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Vertigo: Hitched on Suspense

May 11, 2012

Hitchcock is universally known as “The Master of Suspense,” and the film title Vertigo sets the tone for this 1958 suspense and psychological thriller.

Photo Credit: Wikipedia Commons.

In the opening scene, “Scottie” and a uniformed police officer chase a crook, jumping from rooftop to rooftop.  Suddenly, Scottie slips and hangs from the edge of a building.  The uniformed police officer tries to save him but falls to his death as Scottie watches.  From the very beginning, we understand the main character’s phobia, and this begins to establish the subtle suspense that builds throughout the film.

Hitchcock consistently takes the audience to new heights in Vertigo.  He creates the illusion of being elevated by introducing rooftops, the San Francisco skyline, the Golden Gate Bridge, Mission San Juan Bautista, the staircase in the church, and the San Francisco streets paved over high hills.  The high-angle camera shots of California Highway 1 that show Scottie following Madeleine are good examples of this.  The camera technique used when filming the church’s staircase also creates thrill, suspense, and maybe even, a little vertigo.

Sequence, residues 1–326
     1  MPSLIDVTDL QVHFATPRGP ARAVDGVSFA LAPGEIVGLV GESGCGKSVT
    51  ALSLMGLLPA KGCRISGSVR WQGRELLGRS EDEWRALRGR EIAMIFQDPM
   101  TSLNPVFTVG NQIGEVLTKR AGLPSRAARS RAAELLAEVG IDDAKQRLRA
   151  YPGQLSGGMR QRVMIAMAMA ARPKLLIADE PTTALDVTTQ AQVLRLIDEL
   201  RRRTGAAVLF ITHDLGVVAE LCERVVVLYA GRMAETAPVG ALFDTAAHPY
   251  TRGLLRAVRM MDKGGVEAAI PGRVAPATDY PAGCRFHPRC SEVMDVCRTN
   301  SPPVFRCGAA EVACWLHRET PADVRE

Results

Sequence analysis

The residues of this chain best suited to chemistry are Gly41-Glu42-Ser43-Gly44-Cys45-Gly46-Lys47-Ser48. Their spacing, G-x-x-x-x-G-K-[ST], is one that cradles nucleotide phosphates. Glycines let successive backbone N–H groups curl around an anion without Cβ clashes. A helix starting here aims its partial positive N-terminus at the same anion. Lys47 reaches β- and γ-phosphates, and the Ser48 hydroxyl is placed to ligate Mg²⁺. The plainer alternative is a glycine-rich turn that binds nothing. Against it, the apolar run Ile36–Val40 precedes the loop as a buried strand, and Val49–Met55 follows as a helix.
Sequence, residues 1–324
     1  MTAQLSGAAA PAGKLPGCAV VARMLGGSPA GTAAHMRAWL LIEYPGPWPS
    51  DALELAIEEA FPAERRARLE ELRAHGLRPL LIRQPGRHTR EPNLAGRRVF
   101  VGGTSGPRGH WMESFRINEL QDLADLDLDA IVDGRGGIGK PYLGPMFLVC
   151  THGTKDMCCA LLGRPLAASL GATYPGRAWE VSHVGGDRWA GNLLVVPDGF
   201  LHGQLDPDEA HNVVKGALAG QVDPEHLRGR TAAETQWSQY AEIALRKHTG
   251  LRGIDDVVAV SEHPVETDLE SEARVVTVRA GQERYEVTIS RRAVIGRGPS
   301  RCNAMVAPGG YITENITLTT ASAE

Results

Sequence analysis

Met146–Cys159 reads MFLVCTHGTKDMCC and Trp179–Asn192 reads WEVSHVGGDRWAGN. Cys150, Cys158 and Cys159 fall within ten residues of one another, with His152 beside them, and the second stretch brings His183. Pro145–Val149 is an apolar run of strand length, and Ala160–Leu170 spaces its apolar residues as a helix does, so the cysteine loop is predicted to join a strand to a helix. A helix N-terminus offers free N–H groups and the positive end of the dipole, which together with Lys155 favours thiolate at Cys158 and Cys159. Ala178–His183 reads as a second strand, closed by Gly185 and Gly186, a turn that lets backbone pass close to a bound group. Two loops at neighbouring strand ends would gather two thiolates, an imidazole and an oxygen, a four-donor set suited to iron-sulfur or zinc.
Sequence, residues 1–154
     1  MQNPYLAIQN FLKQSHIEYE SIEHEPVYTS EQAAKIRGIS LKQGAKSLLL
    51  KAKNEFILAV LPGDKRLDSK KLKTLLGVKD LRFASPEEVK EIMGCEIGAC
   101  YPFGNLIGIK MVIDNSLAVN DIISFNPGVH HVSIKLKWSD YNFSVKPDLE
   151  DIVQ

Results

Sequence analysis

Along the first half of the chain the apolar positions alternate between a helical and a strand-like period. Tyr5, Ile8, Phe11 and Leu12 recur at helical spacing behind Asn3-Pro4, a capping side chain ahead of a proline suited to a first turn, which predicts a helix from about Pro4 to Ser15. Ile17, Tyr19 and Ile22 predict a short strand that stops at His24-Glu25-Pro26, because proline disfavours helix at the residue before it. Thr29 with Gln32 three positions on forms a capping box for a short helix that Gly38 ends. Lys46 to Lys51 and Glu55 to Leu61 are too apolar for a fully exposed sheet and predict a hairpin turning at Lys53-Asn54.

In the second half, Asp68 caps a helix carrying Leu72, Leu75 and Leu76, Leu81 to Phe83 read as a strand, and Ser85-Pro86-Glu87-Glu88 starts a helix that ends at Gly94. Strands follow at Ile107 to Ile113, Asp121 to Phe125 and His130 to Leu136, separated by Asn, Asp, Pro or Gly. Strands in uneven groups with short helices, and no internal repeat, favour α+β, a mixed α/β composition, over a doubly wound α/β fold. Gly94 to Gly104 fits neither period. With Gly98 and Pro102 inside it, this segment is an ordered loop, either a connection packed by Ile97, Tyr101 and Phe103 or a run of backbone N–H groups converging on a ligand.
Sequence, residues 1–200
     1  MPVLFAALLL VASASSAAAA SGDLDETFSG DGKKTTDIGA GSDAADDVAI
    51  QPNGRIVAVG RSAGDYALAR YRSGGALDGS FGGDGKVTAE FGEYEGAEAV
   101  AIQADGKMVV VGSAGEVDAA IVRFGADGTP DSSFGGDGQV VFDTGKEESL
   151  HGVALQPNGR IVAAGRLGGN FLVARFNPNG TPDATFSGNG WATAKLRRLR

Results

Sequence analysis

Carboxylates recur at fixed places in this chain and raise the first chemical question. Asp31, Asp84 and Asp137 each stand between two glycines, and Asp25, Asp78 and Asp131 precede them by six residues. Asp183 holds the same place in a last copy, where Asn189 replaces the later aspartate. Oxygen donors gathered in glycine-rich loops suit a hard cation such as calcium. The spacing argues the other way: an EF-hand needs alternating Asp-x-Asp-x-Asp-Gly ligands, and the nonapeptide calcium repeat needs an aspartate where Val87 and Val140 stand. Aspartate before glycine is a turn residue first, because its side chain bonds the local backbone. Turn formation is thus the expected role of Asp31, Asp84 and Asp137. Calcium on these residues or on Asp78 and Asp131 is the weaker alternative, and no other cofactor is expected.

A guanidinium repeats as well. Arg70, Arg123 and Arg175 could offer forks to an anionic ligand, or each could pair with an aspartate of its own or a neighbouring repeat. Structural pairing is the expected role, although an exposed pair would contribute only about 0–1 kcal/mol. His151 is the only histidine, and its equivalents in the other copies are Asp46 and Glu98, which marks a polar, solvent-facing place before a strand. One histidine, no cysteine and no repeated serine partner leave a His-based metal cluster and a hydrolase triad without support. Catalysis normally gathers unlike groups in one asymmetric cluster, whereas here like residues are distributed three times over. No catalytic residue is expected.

One of the most effective ways that Hitchcock raises the suspense in Vertigo is when the hotel clerk tells Scottie that the hotel room is empty after Kim Novak’s character, Judy as Madeleine, is seen entering the same room at the McKittrick Hotel. This scene implies that the antagonist may be a ghost or that the hotel clerk is lying, further complicating the plot.

In Vertigo, the character Midge Wood, played by Barbara Bel Geddes, is slightly mysterious.  Aside from being Scottie’s ex-fiancé, one wonders if Midge becomes evil toward the end.  Surprisingly, Midge exits the storyline as quickly as she enters it, as if trying to throw the audience off-track.

The suspense in Vertigo is at its highest point once the MacGuffin is revealed.  It is at this moment that Scottie realizes what role Judy plays in Madeleine’s death, and how the two women are connected.

The film Vertigo is based on a 1954 French crime novel D’entre les morts, or The Living and the Dead, by Pierre Boileau and Thomas Narcejac by the title of.  Contrary to the book, Hitchcock decided to reveal how Madeleine and Judy are related, with one-third of the film still remaining.  The novel, however, does not make this revelation until the end.


From → Film

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